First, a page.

The weather system that had become tropical storm Gabrielle overnight Wednesday has abruptly lost strength and was demoted to tropical-depression status with sustained winds of only 35 miles per hour at 11 a.m. Thursday.
And so goes the 2013 Atlantic hurricane season so far.
The season has produced seven named storms to date – meaning tropical storms or hurricanes. Typically, the seventh named storm doesn't appear until Sept. 14, according to data gathered by the National Hurricane Center.
The number of named storms is on pace to fall within the range several seasonal forecasts have projected. On average, however, the season should have seen its first hurricane by now, and none has emerged. Indeed, the first major hurricane, with maximum sustained winds of 111 miles an hour or more, typically appears around Sept. 4, notes Dennis Felgen, spokesman for the National Hurricane Center.The storms are there; they just don't develop into full-fledged hurricanes. I assume Allah is trying to make it easy for President O'Bama, allowing him to concentrate on war plans and not be bothered by those pesky requirements for photo ops when hurricanes do hit.
Sugar processors defaulting on loans.
Sugar processors have defaulted on about $34.6 million in federal loans due in August, the U.S. Department of Agriculture said.
The USDA said Thursday that processors had forfeited an estimated 85,000 tons of sugar put up as collateral for the loans, marking the first defaults for the U.S. sugar industry since 2005. The defaults are a setback for the USDA, which has spent $53.4 million buying sugar this year to reduce a glut of the sweetener that has sent prices tumbling.Peak sugar?
Cancer vaccine not working.
An experimental cancer vaccine failed to help skin-cancer patients in a GlaxoSmithKline PLC clinical trial, a setback for a hot area of medicine that seeks to harness the body's immune system to fight tumors.
When compared to a placebo, the vaccine, called MAGE-A3, didn't increase the amount of time melanoma patients lived without their disease returning, Glaxo said Thursday. The 1,345 patients in the late-stage trial were given either the vaccine or a placebo after their tumors were surgically removed.
Mr Paul Krugman must have missed the bull market. He finally gets it --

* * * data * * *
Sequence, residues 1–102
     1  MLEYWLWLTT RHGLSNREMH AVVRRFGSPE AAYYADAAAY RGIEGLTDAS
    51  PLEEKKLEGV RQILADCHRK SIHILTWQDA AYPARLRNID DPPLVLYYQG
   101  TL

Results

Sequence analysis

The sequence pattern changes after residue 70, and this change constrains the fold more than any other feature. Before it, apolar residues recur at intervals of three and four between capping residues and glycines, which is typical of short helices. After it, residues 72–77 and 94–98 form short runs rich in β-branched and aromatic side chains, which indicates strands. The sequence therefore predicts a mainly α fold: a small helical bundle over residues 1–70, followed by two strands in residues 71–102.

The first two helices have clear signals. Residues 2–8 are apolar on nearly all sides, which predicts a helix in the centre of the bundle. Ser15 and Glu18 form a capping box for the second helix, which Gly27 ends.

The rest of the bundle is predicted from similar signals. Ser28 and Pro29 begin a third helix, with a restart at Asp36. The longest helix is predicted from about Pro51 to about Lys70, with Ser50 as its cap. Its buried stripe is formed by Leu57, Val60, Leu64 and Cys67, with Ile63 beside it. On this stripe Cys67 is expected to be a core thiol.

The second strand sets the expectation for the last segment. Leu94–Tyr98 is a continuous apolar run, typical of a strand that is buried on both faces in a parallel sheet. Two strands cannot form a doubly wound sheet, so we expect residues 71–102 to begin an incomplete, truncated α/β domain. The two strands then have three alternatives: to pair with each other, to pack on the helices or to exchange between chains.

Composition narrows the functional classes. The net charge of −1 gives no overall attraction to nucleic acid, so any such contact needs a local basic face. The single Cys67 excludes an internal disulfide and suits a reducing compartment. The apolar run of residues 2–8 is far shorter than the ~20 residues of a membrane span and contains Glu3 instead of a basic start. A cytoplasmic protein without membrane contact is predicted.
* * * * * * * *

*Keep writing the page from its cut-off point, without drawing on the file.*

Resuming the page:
Nobel Prize-winning economist and New York Times columnist Paul Krugman argues in his new editorial that U.S. economic policy over the last five years has been “an astonishing, horrifying failure.” Krugman, a long-time critic of the Obama Administration’s stimulus efforts, writes that the U.S. government should have spent three times the amount of money it did to get the economy back on its feet:
“…if the U.S. government had actually been able and willing to do what textbook macroeconomics says it should have done — namely, make a big enough push for job creation to offset the effects of the financial crunch and the housing bust, postponing fiscal austerity and tax increases until the private sector was ready to take up the slack…we would be a richer nation, with a brighter future — not a nation where millions of discouraged Americans have probably dropped permanently out of the labor force, where millions of young Americans have probably seen their lifetime career prospects permanently damaged, where cuts in public investment have inflicted long-term damage on our infrastructure and our educational system.”It should be noted that the money from the cuts in public investment had to have gone somewhere: DOE-bankrupt solar energy companies; automobile/union bailouts; bank bailouts; O'Bamacare. Can you imagine how much better off we would have been had all that money gone into infrastructure: highways, ports, pipelines, railroads, bridges?
The unemployment rate down just 0.5 percent in 56 months under President O'Bama. And the trillions of dollars for job training and stimulus. Wow. The unemployment rate down just 0.5%, Krugman finally noted what we've been saying for quite some time: a nation where millions of discouraged Americans have probably dropped permanently out of the labor force, where millions of young Americans have probably seen their lifetime career prospects permanently damaged.
I guess Yahoo!Finance took Krugman's story and expanded upon it:
The dominant story about the job market is no longer the nation’s 11.3 million unemployed people or the painfully slow pace of hiring. It’s the growing portion of the working-age population that has dropped out of the labor force and isn’t even looking for a job.
The jobs report for August seemed upbeat on the surface, since the unemployment rate dropped by one-tenth of a point to 7.3%. But analysts have been quick to point out that the unemployment rate fell because the number of people looking for work -- part of the numerator in the equation used to determine the unemployment rate -- declined. That’s usually a sign of an ailing economy, not a recovering one.
Overall, the U.S. economy is being driven by a smaller portion of the population. The percentage of adults either working or looking for work peaked in the late 1990s, declined gradually until the recession began at the end of 2007, then began to fall more sharply.Black unemployment edges up: now up to 13% ("official" -- the real unemployment rate is estimated to be a lot higher.)